This trip piqued my interest in HFE's, as well as making me curious of the purpose and results of all the “science” trips many of us have encountered while going down the river. To satisfy my curiosity, on behalf of the GCPBA I decided to attend the Glen Canyon Dam Adaptive Management Annual Meeting held on January 24, 2017, in Phoenix. I’m glad I did. I’m a long time boater and am conversant with the NPS requirements for noncommercial boaters, negotiating the rapids, the number of groover cans needed per person for X number of days of a river trip, etc. This was a chance to learn about all the other aspects that I’ve always ignored and had not cared about.

HFE's: Whether or not one is done is dependent on the available sand to be moved as a result of sand deposited by flows in the Paria River and Little Colorado River. An HFE results in a monetary loss due to no electricity being generated at Glen Canyon Dam because HFE water has to be released through the bypass tubes. How much of a loss depends upon the number of generators online at that time.

Also, I didn’t know that there are about 10 cameras installed throughout the Grand Canyon river corridor to monitor beach erosion. I had heard references of cameras and assumed they were monitoring us boaters.

A good synopsis of beach building was provided during the poster session. This information was put together by Katie Chapman, who is a student at Northern Arizona University. This work was done under the auspices of the United States Geological Survey. Beach Building Poster

Humpback Chub: Is the size of the population of this native fish affected by water temperature, available food supply, or predation? Predation by trout or by mature humpbacks? Or, are they not being caught, which is easier in the Little Colorado River than the Colorado River. A lively discussion ensued regarding which factor most influenced the health of this odd looking fish.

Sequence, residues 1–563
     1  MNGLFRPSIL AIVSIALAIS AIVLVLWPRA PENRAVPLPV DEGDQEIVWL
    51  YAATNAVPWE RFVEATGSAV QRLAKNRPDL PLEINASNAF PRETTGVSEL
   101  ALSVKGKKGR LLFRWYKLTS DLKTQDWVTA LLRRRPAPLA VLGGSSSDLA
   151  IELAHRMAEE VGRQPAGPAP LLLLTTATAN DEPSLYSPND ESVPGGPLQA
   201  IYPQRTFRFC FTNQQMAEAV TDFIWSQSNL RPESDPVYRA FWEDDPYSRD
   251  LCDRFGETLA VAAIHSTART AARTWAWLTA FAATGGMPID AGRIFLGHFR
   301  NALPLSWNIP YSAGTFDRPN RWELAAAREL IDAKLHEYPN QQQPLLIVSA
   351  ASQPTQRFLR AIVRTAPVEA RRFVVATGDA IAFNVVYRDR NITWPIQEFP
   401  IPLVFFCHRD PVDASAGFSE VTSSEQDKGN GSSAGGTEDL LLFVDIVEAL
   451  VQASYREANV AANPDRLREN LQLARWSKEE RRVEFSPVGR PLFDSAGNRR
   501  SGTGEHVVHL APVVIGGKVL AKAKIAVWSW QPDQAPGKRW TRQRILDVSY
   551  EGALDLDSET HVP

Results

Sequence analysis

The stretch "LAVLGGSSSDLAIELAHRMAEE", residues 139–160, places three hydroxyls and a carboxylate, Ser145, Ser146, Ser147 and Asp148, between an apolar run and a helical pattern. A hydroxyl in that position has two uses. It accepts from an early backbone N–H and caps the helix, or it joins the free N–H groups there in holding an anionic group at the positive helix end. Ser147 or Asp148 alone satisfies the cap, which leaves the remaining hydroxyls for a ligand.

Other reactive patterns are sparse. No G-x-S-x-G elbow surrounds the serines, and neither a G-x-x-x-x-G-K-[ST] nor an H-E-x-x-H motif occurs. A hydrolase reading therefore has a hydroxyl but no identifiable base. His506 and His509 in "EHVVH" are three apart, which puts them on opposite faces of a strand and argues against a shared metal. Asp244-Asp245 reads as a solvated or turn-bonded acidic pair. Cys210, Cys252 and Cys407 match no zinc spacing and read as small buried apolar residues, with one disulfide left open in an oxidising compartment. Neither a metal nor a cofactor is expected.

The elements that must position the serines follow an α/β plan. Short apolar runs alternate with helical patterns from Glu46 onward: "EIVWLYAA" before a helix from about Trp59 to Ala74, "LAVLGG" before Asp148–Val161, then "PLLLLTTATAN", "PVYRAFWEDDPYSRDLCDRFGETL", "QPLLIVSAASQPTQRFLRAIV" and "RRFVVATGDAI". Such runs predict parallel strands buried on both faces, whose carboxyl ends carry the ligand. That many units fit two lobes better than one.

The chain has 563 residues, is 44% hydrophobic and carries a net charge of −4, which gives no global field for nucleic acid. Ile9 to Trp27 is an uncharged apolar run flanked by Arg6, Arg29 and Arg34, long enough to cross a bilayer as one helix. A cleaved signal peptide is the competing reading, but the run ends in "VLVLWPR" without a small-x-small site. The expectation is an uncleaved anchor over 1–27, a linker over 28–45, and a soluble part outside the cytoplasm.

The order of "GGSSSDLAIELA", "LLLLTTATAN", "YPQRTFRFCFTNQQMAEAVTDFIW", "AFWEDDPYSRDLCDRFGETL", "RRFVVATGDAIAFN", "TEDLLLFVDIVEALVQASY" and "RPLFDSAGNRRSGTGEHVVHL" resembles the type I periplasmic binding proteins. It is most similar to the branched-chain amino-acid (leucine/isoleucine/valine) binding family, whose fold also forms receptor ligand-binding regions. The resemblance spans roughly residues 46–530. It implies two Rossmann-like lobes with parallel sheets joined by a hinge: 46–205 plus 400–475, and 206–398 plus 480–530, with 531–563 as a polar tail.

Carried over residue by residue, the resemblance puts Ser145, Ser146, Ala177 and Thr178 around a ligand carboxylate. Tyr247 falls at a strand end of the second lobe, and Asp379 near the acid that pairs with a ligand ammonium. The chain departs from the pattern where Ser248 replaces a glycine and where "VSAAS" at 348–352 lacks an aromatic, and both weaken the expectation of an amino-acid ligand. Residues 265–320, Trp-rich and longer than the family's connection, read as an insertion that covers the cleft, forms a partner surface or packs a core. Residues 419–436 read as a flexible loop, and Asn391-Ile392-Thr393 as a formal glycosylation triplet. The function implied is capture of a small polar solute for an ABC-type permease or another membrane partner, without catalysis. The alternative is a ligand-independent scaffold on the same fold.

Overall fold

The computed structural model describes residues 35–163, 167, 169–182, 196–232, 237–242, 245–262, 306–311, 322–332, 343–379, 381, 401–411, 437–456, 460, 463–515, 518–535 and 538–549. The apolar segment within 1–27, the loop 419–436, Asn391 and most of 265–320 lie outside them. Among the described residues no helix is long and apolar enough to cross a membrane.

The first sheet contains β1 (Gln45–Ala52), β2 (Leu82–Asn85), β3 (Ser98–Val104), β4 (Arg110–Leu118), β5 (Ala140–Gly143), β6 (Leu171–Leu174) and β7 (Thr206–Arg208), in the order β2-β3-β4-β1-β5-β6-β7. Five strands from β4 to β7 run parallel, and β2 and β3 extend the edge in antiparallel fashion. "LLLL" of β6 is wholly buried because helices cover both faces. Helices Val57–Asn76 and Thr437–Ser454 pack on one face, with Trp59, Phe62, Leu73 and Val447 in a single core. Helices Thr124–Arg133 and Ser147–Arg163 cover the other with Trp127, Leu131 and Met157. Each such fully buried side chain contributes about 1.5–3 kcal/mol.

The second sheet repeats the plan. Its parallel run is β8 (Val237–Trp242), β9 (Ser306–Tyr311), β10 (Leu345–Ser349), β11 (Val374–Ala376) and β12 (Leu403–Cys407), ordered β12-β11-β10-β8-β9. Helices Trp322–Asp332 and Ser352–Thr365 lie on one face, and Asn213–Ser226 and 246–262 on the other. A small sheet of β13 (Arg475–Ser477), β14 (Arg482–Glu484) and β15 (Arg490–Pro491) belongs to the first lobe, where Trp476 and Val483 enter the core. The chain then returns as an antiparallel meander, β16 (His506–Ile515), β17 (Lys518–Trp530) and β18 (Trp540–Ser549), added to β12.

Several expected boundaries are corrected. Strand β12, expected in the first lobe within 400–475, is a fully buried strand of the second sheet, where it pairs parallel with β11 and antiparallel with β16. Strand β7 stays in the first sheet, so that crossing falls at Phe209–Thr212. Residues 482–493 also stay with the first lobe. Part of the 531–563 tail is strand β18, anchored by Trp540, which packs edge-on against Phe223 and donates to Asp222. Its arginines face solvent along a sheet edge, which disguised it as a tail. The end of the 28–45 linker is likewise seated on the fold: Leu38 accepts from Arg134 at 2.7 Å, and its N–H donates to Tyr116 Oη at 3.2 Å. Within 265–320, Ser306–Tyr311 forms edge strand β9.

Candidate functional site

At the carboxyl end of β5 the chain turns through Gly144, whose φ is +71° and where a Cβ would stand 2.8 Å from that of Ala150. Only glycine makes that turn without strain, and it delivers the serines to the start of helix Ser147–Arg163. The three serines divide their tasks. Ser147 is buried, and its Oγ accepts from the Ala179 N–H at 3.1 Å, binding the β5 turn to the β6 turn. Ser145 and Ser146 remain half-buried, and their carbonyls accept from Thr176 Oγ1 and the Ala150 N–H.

Vegetation: Well, we all know that there is more vegetation now than there used to be. What was interesting were the comparison photographs taken during the Stanton survey in 1889 with those recently taken in the same exact locations. If interested, type “Stanton repeat photography” in your browser. As an example, it is interesting to see what Parashant looked like in 1889.

Stanton Repeat Photography

A survey of 832 private boater's experience in Grand Canyon indicated the following:

* On their trips, 75% experienced a flow 13,000 cubic feet per second
* The most preferred flow was 22,000 cfs
* The least preferred was 5,000 cfs

The preferred flows where found to have a net economic value. When asked, the folks surveyed were willing to roughly pay $700 above trip costs to have a flow of 22K as opposed to 5k. Interesting.

A good aggregation of info regarding HFE's, fish, etc., and the science behind, it is available at: Glen Canyon Dam Adaptive Management. This page is the Wikipedia version of all the science related topics. Check it out.

Well, something good did come out of having to unload my cat, lift it off the boulder, and reload it. I’m now more educated about one of my favorite places. Conversing with the scientists doing the studies, I was able to convey that this private boater cares and appreciates their work.